Outside Asia, the first and so far only place to keep whale sharks is Georgia Aquarium in Atlanta, United States. This is unusual because of the comparatively long transport time and complex logistics required to bring the sharks to the aquarium, ranging between 28 and 36 hours. Georgia keeps four whale sharks: two females, Alice and Trixie, that arrived in 2006, and two males, Taroko and Yushan, that arrived in 2007. Two earlier males at Georgia Aquarium, Ralph and Norton, both died in 2007. Georgia's whale sharks were all imported from Taiwan and were taken from the commercial fishing quota for the species, usually used locally for food. Taiwan closed this fishery entirely in 2008.
In Vietnamese culture, the whale shark is referred to as Ca Ong, or "sir fish".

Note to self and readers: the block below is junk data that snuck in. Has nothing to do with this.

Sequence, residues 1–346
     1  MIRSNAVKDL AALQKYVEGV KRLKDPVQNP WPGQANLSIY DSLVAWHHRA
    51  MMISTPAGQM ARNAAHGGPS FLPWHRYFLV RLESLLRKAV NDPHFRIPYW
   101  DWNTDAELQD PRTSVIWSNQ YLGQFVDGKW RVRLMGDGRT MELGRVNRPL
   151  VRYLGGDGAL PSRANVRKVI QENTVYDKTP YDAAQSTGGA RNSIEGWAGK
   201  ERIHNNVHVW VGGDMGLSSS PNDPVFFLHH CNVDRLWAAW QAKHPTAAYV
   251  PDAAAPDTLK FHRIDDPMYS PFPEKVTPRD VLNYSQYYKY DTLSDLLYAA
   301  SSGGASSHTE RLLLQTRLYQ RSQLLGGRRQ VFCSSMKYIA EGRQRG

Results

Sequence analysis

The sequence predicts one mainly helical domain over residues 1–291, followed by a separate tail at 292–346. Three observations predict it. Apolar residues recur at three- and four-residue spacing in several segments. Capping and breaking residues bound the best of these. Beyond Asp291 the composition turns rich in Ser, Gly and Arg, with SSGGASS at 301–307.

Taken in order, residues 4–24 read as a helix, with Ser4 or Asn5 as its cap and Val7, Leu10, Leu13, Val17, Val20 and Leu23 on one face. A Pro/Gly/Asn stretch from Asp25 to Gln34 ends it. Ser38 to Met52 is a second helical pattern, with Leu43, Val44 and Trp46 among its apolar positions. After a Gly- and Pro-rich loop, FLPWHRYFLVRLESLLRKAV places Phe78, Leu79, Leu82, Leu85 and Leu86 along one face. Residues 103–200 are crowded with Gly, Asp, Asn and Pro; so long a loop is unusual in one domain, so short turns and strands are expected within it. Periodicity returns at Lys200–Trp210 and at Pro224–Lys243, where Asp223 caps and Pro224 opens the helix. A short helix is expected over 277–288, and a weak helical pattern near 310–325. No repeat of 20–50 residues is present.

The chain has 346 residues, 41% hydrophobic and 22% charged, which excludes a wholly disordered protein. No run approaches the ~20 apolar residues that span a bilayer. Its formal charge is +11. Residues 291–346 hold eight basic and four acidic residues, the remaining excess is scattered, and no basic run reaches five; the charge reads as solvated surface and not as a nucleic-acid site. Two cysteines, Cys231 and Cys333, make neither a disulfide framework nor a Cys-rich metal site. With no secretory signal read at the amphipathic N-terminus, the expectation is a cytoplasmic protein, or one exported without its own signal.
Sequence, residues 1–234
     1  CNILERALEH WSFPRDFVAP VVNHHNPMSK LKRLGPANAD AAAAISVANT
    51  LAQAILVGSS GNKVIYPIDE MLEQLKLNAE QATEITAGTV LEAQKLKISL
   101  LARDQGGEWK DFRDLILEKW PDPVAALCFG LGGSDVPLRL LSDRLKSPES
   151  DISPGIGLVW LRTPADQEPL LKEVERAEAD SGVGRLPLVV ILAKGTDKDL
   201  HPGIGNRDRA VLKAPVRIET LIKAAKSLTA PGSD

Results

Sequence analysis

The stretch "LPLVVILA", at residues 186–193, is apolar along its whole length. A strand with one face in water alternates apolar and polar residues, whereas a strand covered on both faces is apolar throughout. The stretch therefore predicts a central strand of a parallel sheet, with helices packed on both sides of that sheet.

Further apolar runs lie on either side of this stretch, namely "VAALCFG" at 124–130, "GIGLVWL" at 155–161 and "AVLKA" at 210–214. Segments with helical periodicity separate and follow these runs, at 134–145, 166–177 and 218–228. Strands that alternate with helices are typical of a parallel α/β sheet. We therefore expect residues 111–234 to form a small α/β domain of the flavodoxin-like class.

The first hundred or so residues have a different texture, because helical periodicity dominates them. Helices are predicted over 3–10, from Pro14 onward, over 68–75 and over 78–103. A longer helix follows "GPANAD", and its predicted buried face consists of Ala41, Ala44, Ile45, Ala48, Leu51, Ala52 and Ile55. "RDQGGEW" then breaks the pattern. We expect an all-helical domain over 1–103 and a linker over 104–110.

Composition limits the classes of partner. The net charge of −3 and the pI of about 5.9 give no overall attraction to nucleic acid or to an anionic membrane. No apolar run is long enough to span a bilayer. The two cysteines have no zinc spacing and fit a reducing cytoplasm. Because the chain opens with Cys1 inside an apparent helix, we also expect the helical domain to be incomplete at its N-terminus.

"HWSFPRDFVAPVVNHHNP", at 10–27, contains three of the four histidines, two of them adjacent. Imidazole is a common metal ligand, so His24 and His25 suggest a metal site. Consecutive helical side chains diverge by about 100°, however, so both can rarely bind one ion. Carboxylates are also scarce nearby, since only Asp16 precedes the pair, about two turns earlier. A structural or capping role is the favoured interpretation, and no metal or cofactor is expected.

In the Philippines, it is called butanding and balilan. The whale shark is featured on the reverse of the Philippine 100-peso bill. By law snorkelers must maintain a distance of four feet from the sharks and there is a fine and possible prison sentence for anyone who touches the animals. The whale shark is also featured on the latest 2015–2017 edition of the Maldivian 1000 rufiyaa banknote, along with the green turtle.
In Japan, it is called jinbei-zame, because the markings on its body resemble a jinbei.
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|Wikimedia Commons has media related to Whale sharks.|
|Wikispecies has information related to Whale sharks|
- Whale Shark Photograph-identification Library
- Whale Shark And Oceanic Research Center
- Maldives Whale Shark Research Program
- Whale Sharks: Gentle Giants of the Seas
- Foundation for the Protection of Marine Megafauna
- Whale shark, Rhincodon typus at marinebio.org
- Whale Shark Fact Sheet, Fisheries Western Australia
- Albino whale shark photographed in Galapagos
- Photographs National Geographic
- A whale shark recorded defecating